str(POINT(c(2,3,4), "M"))
str(LINESTRING(rbind(c(2,2), c(3,3), c(3,2))))
```
By using the two simple rules that
1. sets of points are kept in a `matrix`
1. other sets are kept in a `list`
we end up with the following structures, with increasing complexity:
### Sets of points (matrix):
```{r}
str(LINESTRING(rbind(c(2,2), c(3,3), c(3,2))))
str(MULTIPOINT(rbind(c(2,2), c(3,3), c(3,2))))
```
### Sets of sets of points:
```{r}
str(MULTILINESTRING(list(rbind(c(2,2), c(3,3), c(3,2)), rbind(c(2,1),c(0,0)))))
outer = matrix(c(0,0,10,0,10,10,0,10,0,0),ncol=2, byrow=TRUE)
hole1 = matrix(c(1,1,1,2,2,2,2,1,1,1),ncol=2, byrow=TRUE)
hole2 = matrix(c(5,5,5,6,6,6,6,5,5,5),ncol=2, byrow=TRUE)
str(POLYGON(list(outer, hole1, hole2)))
```
### Sets of sets of sets of points:
```{r}
pol1 = list(outer, hole1, hole2)
pol2 = list(outer + 12, hole1 + 12)
pol3 = list(outer + 24)
mp = MULTIPOLYGON(list(pol1,pol2,pol3))
str(mp)
```
### Sets of sets of sets of sets of points:
```{r}
str(GEOMETRYCOLLECTION(list(MULTIPOLYGON(list(pol1,pol2,pol3)), POINT(c(2,3)))))
```
where this is of course a worst case: `GEOMETRYCOLLECTION` objects
with simpler elements have less nesting.
### Methods for `sfi`
The following methods have been implemented for `sfi` objects:
```{r}
methods(class = "sfi")
```
### Alternatives to this implementation
1. Package [rgdal2](https://github.com/thk686/rgdal2) reads point sets not in a matrix, but into a list with numeric vectors named `x` and `y`. This is closer to the GDAL (OGR) data model, and would allow for easier disambiguation of the third dimension (`m` or `z`) in case of three-dimensional points. It is more difficult to select a single point, and requires validation of vector lenghts being identical. I'm inclined to keep using `matrix` for point sets.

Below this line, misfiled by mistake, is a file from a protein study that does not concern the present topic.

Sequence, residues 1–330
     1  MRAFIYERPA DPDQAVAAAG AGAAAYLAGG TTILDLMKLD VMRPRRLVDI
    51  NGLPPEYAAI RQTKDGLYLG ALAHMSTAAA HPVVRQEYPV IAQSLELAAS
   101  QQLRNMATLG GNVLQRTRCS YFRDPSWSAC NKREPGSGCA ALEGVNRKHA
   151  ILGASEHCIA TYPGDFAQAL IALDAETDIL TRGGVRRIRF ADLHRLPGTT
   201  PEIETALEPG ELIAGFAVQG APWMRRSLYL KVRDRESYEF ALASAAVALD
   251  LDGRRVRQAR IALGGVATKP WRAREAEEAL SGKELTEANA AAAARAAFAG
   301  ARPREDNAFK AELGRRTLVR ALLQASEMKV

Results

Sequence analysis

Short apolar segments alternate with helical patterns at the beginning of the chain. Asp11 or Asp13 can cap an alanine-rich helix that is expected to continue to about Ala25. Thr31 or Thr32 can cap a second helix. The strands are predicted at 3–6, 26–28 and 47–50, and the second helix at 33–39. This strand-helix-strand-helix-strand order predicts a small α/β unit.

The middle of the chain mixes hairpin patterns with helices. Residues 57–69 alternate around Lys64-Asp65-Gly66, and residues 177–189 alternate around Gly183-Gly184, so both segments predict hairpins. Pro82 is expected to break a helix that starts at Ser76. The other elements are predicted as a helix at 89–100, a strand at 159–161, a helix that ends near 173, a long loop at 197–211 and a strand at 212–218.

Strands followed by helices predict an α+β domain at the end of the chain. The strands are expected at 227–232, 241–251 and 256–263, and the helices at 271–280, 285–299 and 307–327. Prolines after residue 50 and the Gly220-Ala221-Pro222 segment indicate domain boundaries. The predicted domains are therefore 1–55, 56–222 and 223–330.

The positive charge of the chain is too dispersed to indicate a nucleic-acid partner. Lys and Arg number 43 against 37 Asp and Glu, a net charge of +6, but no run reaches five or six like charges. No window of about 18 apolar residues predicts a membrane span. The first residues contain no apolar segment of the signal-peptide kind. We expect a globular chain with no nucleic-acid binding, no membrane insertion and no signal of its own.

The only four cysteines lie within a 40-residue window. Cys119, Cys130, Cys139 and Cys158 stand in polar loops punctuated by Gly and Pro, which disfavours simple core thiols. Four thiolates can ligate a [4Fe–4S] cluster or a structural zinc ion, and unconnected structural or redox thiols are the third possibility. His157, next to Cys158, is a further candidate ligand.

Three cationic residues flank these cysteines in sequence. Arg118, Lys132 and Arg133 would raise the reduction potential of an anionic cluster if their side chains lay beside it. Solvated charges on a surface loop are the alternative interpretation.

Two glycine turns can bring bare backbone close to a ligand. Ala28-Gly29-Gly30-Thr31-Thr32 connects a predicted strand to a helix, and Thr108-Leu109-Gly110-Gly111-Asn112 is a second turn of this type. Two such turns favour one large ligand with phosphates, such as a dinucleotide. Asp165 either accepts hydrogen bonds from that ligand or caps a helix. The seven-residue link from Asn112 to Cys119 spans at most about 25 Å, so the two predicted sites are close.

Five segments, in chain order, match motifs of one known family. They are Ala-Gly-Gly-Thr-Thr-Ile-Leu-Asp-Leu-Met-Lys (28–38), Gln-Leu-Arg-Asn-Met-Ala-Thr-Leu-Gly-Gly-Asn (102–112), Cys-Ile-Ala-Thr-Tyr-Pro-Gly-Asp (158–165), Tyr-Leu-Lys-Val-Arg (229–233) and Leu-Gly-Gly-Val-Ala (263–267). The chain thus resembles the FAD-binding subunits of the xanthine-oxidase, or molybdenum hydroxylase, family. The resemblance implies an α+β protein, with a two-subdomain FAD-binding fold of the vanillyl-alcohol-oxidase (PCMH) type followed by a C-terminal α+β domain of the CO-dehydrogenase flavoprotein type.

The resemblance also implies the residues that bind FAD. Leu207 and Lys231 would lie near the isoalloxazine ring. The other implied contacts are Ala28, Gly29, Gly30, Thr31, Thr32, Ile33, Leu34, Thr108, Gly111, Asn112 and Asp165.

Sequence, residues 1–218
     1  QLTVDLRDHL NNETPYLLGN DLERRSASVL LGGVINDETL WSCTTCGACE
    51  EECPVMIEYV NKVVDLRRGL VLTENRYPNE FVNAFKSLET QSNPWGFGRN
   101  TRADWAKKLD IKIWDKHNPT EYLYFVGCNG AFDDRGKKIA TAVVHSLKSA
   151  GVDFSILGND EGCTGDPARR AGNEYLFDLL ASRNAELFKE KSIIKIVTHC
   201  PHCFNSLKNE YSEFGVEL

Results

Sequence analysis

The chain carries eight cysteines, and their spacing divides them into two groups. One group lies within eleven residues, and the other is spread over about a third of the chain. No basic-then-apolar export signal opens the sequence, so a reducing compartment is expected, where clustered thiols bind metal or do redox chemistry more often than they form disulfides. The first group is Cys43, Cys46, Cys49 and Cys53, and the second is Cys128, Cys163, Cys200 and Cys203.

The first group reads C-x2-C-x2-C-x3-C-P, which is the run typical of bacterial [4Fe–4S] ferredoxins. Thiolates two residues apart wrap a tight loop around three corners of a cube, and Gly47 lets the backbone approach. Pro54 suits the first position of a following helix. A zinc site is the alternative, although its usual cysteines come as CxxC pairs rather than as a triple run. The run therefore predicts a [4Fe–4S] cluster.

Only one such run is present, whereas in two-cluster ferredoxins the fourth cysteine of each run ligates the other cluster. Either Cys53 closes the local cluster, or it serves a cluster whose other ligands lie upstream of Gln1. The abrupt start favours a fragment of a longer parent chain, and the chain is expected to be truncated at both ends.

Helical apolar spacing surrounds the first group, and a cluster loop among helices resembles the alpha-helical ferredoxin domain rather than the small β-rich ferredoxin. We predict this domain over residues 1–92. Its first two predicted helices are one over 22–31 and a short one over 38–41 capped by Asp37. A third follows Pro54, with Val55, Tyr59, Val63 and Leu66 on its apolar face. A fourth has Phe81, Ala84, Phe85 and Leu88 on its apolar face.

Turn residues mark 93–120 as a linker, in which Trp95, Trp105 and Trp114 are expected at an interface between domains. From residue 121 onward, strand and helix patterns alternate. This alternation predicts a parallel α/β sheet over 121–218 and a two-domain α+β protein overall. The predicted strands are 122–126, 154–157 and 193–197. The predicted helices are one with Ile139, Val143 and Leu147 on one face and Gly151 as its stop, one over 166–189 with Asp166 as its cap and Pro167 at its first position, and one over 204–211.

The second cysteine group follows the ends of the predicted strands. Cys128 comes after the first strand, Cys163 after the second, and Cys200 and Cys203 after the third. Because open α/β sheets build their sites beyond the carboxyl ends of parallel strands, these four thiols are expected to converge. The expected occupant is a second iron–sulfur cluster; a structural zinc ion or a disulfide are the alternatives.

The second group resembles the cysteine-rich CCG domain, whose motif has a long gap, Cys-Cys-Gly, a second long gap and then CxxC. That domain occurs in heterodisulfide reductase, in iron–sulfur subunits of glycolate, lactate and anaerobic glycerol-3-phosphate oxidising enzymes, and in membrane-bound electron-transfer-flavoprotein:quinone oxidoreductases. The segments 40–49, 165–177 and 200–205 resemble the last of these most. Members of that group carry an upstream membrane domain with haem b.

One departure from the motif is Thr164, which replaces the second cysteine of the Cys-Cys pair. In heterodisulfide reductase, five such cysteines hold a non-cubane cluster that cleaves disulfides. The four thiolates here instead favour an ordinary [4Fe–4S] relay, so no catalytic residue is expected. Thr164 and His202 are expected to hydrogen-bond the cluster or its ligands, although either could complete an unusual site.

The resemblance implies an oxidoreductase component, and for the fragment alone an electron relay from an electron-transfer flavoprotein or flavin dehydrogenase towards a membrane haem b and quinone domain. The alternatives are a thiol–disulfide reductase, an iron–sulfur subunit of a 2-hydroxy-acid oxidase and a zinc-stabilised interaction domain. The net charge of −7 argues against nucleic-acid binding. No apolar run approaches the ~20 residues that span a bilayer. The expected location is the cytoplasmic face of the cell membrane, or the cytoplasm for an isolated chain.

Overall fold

1. Currently, `POINT Z` is of class `c("POINT Z", "sfi")`. An alternative would be to have it derive from `POINT`, i.e. give it class `c("POINT Z", "POINT", "sfi")`. This would make it easier to write methods for XYZ, XYM and XYZM geometries. This may be worth trying out.
## Simple feature list columns: `sfc`
Collections of simple features can be added together into a list. If
all elements of this list
* are of identical type (have identical class), or are a mix of `X` and `MULTIX` (with `X` being one of `POINT`, `LINESTRING` or `POLYGON`)
* have an identical coordinate reference system
then they can be combined in a `sfc` object. This object
* converts, if needed, `X` into `MULTIX` (this is also what PostGIS does),
* registers the coordinate reference system in attributes `epsg` and `proj4string`,
* has the bounding box in attribute `bbox`, and updates it after subsetting
```{r}
ls1 = LINESTRING(rbind(c(2,2), c(3,3), c(3,2)))
ls2 = LINESTRING(rbind(c(5,5), c(4,1), c(1,2)))
sfc = sfc(list(ls1, ls2), epsg = 4326)
attributes(sfc)
attributes(sfc[1])
```
The following methods have been implemented for `sfc` simple feature list columns: